Get a free proposal


Get a free proposal


Online Quran Academy - Islamic Mentors

The Hajr e Aswad – A Sacred Relic for Hajj and Umrah


It was narrated by Hazrat Saeed bin Jubair (RA) said: I heard Hazrat Abbas (RA) say: The Messenger of Allah (SAW) said: “This Stone will be brought on the Day of Resurrection, and it will be given two eyes with which to see, and a tongue with which to speak, and it will bear witness for those who touched it in sincerity.” [ Sunan Ibn Majah 2944]


As Muslims, we have great respect for our sacred places and relics, as they play a crucial role in our faith. The Kaaba in Mecca is our most revered structure and holiest site. The Black Stone, known as Hajr e Aswad, is located in its eastern corner and is held in great affection by all Muslims.

For more information about the Kaaba, you can visit the blog.

The Black Stone is highly significant in Islam. It is not simply a stone but a symbol of our spiritual journey and connection to Allah (SWT). When we visit Mecca for the Hajj or Umrah, kissing or touching the Black Stone represents a moment of purification rather than just a ritual.

For more information, visit our blog, What is Umrah?

If you’re looking for detailed and comprehensive information on the Hajj and Umrah, including the interesting history of the sacred pilgrimages, practical tips, and step-by-step instructions for performing each ritual, our comprehensive category, Hajj and Umrah, provides a complete guide to understanding the importance of the spiritual experience. We’ve included everything you need to know to make the most of your journey. Additionally, we’ve compiled a list of essential duas that can be helpful in your pilgrimage and Umrah.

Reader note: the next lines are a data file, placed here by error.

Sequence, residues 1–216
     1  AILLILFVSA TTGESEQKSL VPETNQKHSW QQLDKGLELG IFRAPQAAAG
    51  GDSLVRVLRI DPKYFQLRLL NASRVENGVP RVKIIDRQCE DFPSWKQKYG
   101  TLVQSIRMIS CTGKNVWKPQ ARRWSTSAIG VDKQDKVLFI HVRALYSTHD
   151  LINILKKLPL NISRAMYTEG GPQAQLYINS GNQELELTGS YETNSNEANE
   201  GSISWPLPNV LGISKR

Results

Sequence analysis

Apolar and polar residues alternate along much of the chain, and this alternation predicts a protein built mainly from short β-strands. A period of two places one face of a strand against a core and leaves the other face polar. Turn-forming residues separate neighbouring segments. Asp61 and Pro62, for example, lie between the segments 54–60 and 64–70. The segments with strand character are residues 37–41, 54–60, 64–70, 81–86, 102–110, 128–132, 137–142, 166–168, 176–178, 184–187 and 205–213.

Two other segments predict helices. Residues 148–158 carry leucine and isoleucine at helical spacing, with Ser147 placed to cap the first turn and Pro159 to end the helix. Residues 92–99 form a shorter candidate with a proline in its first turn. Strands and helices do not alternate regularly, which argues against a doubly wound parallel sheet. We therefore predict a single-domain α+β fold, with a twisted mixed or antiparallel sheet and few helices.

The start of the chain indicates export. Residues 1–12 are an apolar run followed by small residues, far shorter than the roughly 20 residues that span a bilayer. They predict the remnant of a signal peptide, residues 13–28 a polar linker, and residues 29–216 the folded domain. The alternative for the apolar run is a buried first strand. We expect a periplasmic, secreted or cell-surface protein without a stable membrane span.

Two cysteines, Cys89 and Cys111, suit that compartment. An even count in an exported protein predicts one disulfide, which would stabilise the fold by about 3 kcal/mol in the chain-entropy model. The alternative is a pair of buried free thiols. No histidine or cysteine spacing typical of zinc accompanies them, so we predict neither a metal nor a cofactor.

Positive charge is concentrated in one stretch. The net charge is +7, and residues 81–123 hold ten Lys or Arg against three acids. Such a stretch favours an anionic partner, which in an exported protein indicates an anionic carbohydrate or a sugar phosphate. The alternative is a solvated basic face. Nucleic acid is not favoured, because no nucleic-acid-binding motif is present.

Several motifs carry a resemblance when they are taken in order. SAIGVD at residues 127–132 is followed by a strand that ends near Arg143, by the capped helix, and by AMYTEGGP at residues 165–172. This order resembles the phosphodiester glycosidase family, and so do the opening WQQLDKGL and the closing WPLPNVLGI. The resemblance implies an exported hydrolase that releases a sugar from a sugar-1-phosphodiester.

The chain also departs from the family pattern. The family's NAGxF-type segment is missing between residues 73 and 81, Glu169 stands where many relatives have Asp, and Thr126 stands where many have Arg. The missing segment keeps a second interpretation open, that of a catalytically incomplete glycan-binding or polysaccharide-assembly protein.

History and Origins of the Hajr e Aswad

The history of the Hajr-e-Aswad is deeply rooted in the Islamic faith, tracing back to the time of Hazrat Ibrahim (AS). According to Islamic traditions, Allah (SWT) instructed Hazrat Ibrahim (AS) to construct the Kaaba, the holiest site in Islam. The stone served as a gift from heaven, symbolizing the covenant and faith between Allah (SWT and Hazrat Ibrahim (AS).

For more information about heaven, visit this blog post: Jannah – The Reward for True Muslims.

Originally, the stone was white, but as humanity’s sins accumulated over time, it turned black. This transformation is believed to be symbolic, reflecting the concept that the stone absorbed the sins of the pilgrims who touched it.

Hazrat Abbas (RA) narrated that:

The Messenger of Allah (SAW) said: “The Black Stone descended from the Paradise, and it was more white than milk, then it was blackened by the sins of the children of Adam.”

(Jami at-Tirmidhi 877)